On 2/3/2007 6:05 AM, Tony Finch wrote:
So the question is whether adding a final response after the per-recipient
resposes helps with this problem.
Whichever design we choose, the client is still in trouble if it loses the
tail of the server's final per-recipient replies.
The only solution to RFC 1047 is checkpointing.
A robust mechanism only requires the server to know that the client
received the entire list of responses: if so then the client is not at
obvious risk of resending; if not the server can refuse to accept
responsibility on the grounds that the session was lost. So all we need is
a way for the client to send SOME KIND OF DATA, after the server has sent
the full list.
Using a reliable transport like TCP and decent synchronization in the
protocol, this can be done with the client merely issuing another command,
such as QUIT. This falls apart when clients are broken though, eg close
without QUIT, or client hits a bug and starts spewing commands that it
shouldn't, all of which happen often enough. I don't know if we need to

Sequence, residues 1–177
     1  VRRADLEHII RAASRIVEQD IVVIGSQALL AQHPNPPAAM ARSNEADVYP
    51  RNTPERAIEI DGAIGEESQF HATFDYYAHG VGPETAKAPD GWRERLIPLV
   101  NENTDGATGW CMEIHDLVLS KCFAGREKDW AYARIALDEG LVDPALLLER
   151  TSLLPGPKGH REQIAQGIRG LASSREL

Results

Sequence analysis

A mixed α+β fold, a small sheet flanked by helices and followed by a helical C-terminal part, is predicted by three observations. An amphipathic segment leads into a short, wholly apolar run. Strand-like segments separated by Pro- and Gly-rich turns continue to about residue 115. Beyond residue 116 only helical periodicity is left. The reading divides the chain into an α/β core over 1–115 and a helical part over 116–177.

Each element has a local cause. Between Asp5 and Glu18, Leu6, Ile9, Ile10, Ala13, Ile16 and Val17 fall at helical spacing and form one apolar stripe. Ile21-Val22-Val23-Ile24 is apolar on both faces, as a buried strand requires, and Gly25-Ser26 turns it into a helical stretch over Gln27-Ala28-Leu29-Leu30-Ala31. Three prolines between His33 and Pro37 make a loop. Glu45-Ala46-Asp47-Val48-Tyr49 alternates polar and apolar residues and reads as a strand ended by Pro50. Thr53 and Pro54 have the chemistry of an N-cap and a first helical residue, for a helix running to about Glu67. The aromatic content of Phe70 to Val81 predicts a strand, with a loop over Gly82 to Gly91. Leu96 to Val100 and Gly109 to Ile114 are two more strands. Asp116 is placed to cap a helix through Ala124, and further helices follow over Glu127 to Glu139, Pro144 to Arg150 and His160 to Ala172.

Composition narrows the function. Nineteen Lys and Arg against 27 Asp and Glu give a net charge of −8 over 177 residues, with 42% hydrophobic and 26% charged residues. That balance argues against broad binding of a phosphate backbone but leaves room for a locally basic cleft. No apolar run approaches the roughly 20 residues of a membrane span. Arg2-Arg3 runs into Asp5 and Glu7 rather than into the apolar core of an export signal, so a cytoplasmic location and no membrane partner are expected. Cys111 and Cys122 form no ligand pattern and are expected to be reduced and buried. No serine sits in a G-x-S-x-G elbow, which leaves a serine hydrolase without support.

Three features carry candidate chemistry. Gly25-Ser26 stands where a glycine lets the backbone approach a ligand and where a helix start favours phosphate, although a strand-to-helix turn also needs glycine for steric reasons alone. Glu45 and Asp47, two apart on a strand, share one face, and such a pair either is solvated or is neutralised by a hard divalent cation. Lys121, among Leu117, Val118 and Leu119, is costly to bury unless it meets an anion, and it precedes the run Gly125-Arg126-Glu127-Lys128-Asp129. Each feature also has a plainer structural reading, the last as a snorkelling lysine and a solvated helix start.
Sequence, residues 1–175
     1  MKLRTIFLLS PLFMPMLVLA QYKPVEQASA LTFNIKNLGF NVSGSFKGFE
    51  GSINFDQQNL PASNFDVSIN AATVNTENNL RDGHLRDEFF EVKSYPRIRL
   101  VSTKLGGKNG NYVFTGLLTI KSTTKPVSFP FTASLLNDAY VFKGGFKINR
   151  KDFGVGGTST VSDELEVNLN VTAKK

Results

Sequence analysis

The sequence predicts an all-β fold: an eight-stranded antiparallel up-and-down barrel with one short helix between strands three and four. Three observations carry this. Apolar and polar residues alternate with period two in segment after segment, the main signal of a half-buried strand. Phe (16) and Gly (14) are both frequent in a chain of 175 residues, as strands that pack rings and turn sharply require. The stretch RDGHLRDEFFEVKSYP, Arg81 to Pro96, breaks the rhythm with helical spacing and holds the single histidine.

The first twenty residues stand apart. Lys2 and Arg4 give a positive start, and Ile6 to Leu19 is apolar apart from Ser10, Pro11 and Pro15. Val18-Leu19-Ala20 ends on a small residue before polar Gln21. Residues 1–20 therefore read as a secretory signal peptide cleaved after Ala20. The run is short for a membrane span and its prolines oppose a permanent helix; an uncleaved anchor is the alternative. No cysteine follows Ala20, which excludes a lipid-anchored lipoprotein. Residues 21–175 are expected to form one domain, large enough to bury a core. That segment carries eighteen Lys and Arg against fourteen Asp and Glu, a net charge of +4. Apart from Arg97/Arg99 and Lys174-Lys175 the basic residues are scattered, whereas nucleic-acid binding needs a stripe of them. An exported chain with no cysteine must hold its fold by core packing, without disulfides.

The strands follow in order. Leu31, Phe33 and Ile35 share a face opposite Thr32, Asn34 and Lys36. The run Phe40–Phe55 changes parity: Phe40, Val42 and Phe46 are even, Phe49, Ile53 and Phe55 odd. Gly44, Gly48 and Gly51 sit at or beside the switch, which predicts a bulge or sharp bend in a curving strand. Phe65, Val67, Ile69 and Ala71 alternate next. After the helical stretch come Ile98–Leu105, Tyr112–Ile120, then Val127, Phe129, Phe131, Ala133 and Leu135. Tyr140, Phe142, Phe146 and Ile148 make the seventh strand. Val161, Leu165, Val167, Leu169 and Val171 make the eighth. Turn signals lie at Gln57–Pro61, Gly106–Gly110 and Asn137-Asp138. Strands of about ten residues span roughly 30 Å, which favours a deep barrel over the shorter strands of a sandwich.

design for that level of disaster though--it's not really accommodated
anywhere else. It might be worth putting a client command in there
("DRR-DONE") just to avoid any problems that may crop up.
My current design is somewhat thinner than that--if the server is able to
write() the final response code without error, then it should be safe to
assume that the client received the full list as well as the final
response and the mail belongs to the server now. This is about the
simplest possible way to go (other than omitting the final response code
altogether, which is too weak imo).
Eric A. Hall http://www.ehsco.com/
Internet Core Protocols http://www.oreilly.com/catalog/coreprot/